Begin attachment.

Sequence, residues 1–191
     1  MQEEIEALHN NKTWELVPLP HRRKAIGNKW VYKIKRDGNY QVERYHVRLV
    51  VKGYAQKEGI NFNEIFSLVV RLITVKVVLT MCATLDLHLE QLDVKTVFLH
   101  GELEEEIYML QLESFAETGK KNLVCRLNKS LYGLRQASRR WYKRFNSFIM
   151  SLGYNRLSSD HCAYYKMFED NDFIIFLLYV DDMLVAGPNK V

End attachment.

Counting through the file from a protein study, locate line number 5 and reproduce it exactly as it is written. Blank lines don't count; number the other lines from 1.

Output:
   151  SLGYNRLSSD HCAYYKMFED NDFIIFLLYV DDMLVAGPNK V